Friday, August 31, 2012

New study shows repeat abortions lead to premature births

A new Finnish study, published in the journal Human Reproduction, has confirmed that abortion causes prematurity in subsequent births.  Pro-abortion organizations have consistently denied this despite the overwhelming evidence to the contrary because they know that it weakens their position. This study found that the more abortions a woman has before her first child, the more likely she is to give birth prematurely. See BBC News report

Data from all 300,858 first-time mothers in Finland between 1996 and 2008 was analysed for the purpose of the study, which shows that women were three times more likely to have a very premature baby, born before 28 weeks, if they had had three or more abortions.

Being born too soon is linked to higher risks of infection, hypothermia and death.

Repeat abortions
The study showed there would be three babies born before 28 weeks for every 1,000 women who had never had an abortion, four per 1,000 who had had one abortion, six in those who had had two abortions and 11 if the woman had had three or more abortions.

There were similar figures for babies born before 37 weeks and for low birth weight. However, only 0.3% of women in the study had had three or more abortions before their first child.

Statistics for England and Wales show the number of women having multiple abortions is rising.

Andrew Whitelaw, a professor of neo-natal medicine at the University of Bristol, said: "While pre-term birth before 37 weeks' gestation exposes an infant to a modest but definite increased risk of a range of serious problems including brain injury and death, birth before 28 weeks exposes the infant to a hugely increased risk of death, brain injury and permanent disability.

"Thus an increase, after three or more abortions, of nearly threefold in the odds of having an infant born before 28 weeks is worrying.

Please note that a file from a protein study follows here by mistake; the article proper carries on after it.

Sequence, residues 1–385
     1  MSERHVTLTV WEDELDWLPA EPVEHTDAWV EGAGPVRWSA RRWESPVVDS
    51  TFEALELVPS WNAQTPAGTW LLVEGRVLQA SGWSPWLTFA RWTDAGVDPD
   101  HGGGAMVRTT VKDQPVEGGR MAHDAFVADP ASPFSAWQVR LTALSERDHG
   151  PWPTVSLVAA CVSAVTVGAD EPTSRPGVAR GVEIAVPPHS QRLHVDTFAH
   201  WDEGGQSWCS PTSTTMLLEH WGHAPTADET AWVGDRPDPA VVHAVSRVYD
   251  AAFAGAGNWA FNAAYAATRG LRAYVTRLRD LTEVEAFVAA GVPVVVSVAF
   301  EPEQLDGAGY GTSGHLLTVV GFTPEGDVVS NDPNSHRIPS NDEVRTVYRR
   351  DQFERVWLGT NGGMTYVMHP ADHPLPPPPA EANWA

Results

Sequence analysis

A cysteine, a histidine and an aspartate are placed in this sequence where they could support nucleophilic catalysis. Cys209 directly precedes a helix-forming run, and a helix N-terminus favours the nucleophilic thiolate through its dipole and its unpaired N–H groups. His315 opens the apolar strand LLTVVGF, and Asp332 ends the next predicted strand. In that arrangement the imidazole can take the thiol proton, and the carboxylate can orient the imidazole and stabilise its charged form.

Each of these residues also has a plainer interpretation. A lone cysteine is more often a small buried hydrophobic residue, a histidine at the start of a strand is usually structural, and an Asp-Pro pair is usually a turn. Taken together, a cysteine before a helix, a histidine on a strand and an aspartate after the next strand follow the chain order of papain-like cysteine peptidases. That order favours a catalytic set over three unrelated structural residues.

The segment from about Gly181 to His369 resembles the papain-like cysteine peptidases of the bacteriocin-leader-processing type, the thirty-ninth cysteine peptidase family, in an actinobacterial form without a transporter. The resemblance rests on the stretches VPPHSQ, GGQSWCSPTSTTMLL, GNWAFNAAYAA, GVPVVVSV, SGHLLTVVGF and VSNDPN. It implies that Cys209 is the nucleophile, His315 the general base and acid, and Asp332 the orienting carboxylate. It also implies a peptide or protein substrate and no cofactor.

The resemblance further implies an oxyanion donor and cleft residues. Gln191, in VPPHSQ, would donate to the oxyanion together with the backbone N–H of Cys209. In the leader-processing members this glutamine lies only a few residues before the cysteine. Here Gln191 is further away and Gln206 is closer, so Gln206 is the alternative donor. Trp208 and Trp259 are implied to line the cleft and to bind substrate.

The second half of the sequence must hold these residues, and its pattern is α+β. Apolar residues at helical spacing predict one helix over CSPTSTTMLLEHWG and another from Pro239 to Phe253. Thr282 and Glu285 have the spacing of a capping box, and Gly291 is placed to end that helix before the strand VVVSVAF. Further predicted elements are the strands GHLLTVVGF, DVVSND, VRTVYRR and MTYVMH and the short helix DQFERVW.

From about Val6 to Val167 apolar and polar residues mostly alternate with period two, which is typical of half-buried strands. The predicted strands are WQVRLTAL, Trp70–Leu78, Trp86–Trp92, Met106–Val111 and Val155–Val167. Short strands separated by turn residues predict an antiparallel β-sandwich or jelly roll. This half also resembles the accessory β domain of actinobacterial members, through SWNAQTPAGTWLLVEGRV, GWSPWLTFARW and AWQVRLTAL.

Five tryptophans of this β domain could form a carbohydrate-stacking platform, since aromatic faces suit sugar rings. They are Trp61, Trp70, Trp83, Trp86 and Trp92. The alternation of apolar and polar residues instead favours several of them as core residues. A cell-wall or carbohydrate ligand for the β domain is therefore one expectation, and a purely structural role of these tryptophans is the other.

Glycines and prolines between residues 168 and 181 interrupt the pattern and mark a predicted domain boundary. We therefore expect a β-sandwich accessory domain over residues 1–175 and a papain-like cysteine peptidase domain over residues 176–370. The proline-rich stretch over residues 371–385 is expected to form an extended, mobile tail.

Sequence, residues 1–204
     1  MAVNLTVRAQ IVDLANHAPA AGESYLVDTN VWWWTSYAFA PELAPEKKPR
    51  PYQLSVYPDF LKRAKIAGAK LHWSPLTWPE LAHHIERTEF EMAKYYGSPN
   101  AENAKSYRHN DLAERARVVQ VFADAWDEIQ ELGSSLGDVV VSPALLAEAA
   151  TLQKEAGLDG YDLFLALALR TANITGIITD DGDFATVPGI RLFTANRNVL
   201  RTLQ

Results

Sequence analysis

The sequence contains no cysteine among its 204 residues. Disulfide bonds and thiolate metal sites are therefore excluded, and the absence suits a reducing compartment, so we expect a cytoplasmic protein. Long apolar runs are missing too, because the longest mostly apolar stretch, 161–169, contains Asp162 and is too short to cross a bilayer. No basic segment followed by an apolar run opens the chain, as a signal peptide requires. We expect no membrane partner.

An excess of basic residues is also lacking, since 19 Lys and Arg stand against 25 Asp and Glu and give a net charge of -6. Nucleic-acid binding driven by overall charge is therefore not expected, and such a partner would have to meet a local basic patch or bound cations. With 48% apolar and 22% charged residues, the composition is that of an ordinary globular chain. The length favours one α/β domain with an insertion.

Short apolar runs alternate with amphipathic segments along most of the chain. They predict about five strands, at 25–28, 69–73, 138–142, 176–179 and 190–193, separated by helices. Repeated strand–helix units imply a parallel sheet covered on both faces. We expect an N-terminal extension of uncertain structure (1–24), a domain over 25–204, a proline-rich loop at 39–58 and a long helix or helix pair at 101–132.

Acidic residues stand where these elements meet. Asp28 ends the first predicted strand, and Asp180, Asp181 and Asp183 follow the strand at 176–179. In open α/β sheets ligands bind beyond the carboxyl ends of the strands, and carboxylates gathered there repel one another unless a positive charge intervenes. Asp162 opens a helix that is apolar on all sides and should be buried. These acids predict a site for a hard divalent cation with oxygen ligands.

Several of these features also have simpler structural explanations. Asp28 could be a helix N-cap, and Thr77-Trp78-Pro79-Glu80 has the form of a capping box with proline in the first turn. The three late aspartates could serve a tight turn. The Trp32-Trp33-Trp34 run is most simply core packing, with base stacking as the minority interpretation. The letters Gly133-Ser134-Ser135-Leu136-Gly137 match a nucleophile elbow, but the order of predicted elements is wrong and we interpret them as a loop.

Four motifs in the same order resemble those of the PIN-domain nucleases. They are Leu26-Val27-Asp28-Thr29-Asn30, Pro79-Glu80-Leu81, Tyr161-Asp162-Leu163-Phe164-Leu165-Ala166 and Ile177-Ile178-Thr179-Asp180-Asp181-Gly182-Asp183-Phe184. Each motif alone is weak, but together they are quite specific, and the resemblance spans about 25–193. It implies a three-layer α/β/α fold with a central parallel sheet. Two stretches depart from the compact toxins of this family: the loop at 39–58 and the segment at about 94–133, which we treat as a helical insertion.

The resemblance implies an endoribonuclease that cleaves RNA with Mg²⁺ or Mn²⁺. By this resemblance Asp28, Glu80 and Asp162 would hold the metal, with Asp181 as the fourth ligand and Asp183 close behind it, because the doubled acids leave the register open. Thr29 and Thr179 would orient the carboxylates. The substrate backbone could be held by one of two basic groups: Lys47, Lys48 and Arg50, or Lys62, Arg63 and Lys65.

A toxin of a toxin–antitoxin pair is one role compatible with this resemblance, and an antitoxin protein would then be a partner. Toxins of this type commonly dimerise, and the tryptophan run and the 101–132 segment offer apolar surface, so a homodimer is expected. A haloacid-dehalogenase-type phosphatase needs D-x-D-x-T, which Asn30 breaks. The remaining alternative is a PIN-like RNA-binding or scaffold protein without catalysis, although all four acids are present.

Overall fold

"The steadily increasing survival of very pre-term infants should not be interpreted as a solution to the problem of pre-term birth. Increased survival of infants under 28 weeks is at the cost of increased survival of infants with disability."

There are now over 50 studies that have found that previous induced abortions increase preterm birth risk e.g an Australian study (Lumley, J. The association between prior spontaneous abortion, prior induced abortion and preterm birth in first singleton births. Prenat Neonat Med 1998 3: 21-24) which had a data base of 250,000 births showed a 60% increase in extreme premature birth after one abortion, a 150% increase after two abortions, a 460% increase after three abortions and a staggering 800% increase after 4 or more abortions.

Labour Party Split on Abortion

Despite the fact Labour the junior party in Ireland’s coalition government  has previously declared that it is pro-abortion many people within Labour are unhappy with that  image and it has become clear in recent times that the party is actually split on the abortion issue.
Senator Ivana Bacik  insists that her party’s official position on abortion is "pro-choice" and Communications Minister Pat Rabbitte says Labour’s position is well-established.

TÁNAISTE (Deputy Prime Minister) and Labour leader Eamon Gilmore however, despite having made previous pro-abortion statements, has reportedly refused to spell out Labour’s position on abortion before the Government-appointed expert group reports next month. Mr Gilmore has also declined to say if he agrees or disagrees with Senator Bacik.
Gilmore’s hesitation (or change of heart) appears to be due to unrest within the party as recently expressed by party member Senator John Whelan.

Senator Whelan is reported as saying there are a variety of views within the party. 
“Pat Rabbitte summed it up when he said there was a broad spectrum of views within the Labour Party. I was glad he did note there was not just a single viewpoint,” Mr Whelan said. “Some of us resent the characterisation that the Labour Party is, if you like, pro-abortion. We don’t agree with that.”